# Skorokhod's representation theorem Skorokhod's representation theorem In mathematics and statistics, Skorokhod's representation theorem is a result that shows that a weakly convergent sequence of probability measures whose limit measure is sufficiently well-behaved can be represented as the distribution/law of a pointwise convergent sequence of random variables defined on a common probability space. It is named for the Soviet mathematician A. V. Skorokhod.

Statement Let {displaystyle (mu _{n})_{nin mathbb {N} }} be a sequence of probability measures on a metric space {displaystyle S} such that {displaystyle mu _{n}} converges weakly to some probability measure {displaystyle mu _{infty }} on {displaystyle S} as {displaystyle nto infty } . Suppose also that the support of {displaystyle mu _{infty }} is separable. Then there exist {displaystyle S} -valued random variables {displaystyle X_{n}} defined on a common probability space {displaystyle (Omega ,{mathcal {F}},mathbf {P} )} such that the law of {displaystyle X_{n}} is {displaystyle mu _{n}} for all {displaystyle n} (including {displaystyle n=infty } ) and such that {displaystyle (X_{n})_{nin mathbb {N} }} converges to {displaystyle X_{infty }} , {displaystyle mathbf {P} } -almost surely.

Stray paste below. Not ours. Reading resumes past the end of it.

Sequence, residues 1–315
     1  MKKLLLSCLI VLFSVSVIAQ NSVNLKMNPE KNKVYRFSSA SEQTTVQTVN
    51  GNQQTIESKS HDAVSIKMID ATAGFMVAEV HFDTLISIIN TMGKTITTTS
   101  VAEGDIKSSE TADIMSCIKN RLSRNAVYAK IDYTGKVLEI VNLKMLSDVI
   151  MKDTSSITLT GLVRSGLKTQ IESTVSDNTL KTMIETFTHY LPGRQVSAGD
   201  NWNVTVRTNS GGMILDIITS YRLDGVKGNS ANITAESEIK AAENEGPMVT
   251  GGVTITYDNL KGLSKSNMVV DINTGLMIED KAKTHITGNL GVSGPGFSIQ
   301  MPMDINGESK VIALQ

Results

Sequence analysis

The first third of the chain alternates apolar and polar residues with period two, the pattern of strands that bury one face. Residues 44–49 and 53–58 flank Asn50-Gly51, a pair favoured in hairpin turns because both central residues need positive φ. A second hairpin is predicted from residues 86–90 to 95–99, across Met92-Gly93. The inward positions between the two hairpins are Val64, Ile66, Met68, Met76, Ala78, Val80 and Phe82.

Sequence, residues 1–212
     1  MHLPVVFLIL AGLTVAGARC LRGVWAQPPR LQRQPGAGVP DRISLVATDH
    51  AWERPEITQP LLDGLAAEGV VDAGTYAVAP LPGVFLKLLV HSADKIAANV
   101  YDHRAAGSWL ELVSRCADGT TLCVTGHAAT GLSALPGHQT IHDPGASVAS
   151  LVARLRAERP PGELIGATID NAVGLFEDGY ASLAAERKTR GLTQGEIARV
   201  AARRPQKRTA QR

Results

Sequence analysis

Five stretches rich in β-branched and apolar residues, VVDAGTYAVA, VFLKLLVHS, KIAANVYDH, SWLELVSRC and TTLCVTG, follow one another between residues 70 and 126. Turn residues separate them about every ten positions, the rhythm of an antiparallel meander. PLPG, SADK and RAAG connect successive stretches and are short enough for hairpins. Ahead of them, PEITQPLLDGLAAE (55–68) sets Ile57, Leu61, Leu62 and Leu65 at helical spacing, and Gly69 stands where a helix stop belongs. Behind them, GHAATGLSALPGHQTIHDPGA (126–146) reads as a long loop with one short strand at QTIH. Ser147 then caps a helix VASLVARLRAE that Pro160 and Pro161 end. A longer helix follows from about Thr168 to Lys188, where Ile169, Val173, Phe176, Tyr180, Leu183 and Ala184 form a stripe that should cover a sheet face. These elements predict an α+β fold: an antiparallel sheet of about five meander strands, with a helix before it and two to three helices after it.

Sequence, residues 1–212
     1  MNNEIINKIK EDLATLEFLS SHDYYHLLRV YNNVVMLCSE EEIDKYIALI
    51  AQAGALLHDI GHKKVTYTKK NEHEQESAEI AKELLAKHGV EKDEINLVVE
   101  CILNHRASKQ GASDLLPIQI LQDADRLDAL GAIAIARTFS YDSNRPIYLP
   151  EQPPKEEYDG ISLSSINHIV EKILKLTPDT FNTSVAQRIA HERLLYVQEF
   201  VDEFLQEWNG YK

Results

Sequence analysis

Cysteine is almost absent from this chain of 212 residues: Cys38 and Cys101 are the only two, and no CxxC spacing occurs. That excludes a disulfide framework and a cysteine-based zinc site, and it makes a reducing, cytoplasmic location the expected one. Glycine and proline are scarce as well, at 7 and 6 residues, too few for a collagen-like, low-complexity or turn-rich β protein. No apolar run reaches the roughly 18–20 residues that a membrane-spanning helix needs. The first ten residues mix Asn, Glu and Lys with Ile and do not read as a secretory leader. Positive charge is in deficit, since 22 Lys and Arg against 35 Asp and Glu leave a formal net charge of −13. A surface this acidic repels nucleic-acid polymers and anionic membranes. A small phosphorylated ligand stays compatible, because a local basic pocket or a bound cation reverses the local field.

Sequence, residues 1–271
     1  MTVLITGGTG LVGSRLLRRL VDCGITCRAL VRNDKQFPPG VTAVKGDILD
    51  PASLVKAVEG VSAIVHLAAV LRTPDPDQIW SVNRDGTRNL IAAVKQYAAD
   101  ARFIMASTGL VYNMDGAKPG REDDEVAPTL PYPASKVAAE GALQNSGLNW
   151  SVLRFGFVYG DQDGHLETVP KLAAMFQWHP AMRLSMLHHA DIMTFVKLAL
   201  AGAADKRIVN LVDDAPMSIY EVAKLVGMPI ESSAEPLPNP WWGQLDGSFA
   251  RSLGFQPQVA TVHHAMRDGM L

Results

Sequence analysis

See also Convergence in distribution References Billingsley, Patrick (1999). Convergence of Probability Measures. New York: John Wiley & Sons, Inc. ISBN 0-471-19745-9. (see p. 7 for weak convergence, p. 24 for convergence in distribution and p. 70 for Skorokhod's theorem) Categories: Probability theoremsTheorems in statistics

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